Freeing your writing voice

It seems only fair after my post inviting you to the National College Media Convention session March 11 on writing with voice — and overcoming the “stranglers” — that I report on the solutions we discussed.

As always seems to be the case when the topic is great writing, a bunch of smart, engaged students turned up in New York — and again at Georgia State University on March 16 when I repeated the session at the SPJ “MediAtlanta” conference. (And at GSU, Seminole State College professor Jennifer Sheppard took great notes and graciously shared them so I could better recall questions and unscripted comments.)

So here are the five “stranglers” I listed, along with some suggested solutions.

1. Fear, or lack of confidence in competence.

Steps to build confidence:

  • Read good writing.
  • Find good advice. (Books like “Writing For Story” by Jon Franklin.)
  • Fail faster. Try stuff.
  • Be proud of small successes, like a great paragraph.

2.  Inadequate detail in reporting.

Add elements to your routine for reporting ALL stories (you never know what will turn into an opportunity for narrative touches):

  • Details, details, details. Scenes, colors, times.
  • Trust your instincts when reporting. If you’re drawn to a minor detail, maybe it’s important.

3. Reluctance to make an emotional connection to the story.

Of course your reporting will be factual. But don’t be so “objective” you can’t feel emotion.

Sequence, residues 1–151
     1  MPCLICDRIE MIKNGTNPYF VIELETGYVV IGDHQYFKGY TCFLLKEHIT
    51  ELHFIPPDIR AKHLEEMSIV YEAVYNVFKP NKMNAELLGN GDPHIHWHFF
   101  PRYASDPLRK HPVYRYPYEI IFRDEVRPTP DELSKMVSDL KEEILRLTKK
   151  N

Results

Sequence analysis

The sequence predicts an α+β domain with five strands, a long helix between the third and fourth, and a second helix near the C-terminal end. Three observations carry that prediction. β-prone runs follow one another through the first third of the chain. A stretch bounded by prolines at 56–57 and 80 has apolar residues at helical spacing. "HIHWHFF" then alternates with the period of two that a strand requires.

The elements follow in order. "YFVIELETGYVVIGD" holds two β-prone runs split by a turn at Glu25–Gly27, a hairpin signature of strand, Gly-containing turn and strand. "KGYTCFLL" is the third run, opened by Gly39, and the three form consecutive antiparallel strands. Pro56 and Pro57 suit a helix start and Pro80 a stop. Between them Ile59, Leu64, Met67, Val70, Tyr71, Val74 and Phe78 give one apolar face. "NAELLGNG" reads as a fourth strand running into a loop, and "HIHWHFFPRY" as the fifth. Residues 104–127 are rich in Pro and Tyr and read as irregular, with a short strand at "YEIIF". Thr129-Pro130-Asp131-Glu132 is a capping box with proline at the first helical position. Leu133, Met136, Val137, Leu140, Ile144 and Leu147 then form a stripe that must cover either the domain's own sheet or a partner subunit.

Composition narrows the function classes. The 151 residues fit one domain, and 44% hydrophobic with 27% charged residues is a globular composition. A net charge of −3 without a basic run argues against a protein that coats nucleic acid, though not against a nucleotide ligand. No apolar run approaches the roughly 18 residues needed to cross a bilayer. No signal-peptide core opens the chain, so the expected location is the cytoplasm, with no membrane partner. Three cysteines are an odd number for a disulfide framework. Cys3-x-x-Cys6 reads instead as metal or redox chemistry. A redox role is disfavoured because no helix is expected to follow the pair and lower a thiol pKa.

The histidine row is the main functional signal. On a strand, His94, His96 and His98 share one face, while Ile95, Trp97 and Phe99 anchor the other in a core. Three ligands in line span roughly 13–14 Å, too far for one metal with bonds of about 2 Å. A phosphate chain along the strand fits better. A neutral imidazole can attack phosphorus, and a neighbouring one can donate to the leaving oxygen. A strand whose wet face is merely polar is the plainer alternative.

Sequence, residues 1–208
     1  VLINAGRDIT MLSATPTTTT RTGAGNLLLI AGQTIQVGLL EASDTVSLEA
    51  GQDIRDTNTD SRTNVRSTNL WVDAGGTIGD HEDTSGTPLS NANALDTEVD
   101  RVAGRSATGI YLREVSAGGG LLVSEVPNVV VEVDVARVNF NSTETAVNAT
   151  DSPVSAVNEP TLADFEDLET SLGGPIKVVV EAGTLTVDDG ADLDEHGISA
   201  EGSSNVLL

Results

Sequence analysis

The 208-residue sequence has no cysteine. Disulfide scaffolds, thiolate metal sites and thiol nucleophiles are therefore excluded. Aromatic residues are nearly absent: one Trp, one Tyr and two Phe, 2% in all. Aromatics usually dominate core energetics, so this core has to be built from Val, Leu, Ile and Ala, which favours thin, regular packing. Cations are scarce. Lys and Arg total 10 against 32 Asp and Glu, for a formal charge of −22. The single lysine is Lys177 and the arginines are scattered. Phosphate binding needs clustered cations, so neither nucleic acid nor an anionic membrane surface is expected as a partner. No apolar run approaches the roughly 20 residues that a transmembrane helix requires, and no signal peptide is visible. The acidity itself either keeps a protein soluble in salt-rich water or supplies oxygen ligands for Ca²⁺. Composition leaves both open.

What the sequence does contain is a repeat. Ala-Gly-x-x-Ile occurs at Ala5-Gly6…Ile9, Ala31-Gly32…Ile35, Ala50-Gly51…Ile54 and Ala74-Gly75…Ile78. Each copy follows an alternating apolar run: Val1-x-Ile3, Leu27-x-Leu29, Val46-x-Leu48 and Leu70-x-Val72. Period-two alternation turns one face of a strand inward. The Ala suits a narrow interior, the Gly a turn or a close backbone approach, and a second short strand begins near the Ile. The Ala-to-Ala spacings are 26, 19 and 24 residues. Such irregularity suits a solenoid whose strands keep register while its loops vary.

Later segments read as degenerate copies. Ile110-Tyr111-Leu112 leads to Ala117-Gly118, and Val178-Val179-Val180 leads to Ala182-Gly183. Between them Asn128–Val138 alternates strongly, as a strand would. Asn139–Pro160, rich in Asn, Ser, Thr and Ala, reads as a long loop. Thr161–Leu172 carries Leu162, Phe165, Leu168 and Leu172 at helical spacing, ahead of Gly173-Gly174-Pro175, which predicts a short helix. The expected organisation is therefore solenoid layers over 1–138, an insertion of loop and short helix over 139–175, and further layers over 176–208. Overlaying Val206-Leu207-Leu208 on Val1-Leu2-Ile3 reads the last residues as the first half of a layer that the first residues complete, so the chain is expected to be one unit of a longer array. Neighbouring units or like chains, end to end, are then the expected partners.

• Honor your emotional reaction. If something provokes an emotional reaction in you, you may provoke it in your audience.
  • Keep reporting on whatever caused the emotion. If it’s the real thing, you need details. If not, you’ll discover that and move on to better material.

4. “You can’t write like that on deadline.”

Yes, you can!

  • You always write with a voice, even if it’s standard journalism monotone. Choose the most effective voice.
  • If you’re in the habit of capturing detail and emotion in reporting, it will become easier to write it on deadline.

5. “My editor won’t let me.”

Don’t wait until you’re on deadline to make the case for storytelling. Getting editors and colleagues to support the idea in theory will make them more receptive — and at least you’ll be able to remind them of their prior support.

  • Start now talking up narrative and voice in your newsroom.
  • Talk about the virtues of narrative touches even in quick stories that are not classical narratives.
  • When you first think you may stretch your voice in a story, alert editors early — well before you turn in the story.
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About adviserdavid

Student media director, Georgia Southern University

Posted on March 17, 2013, in Writing. Bookmark the permalink. 4 Comments.

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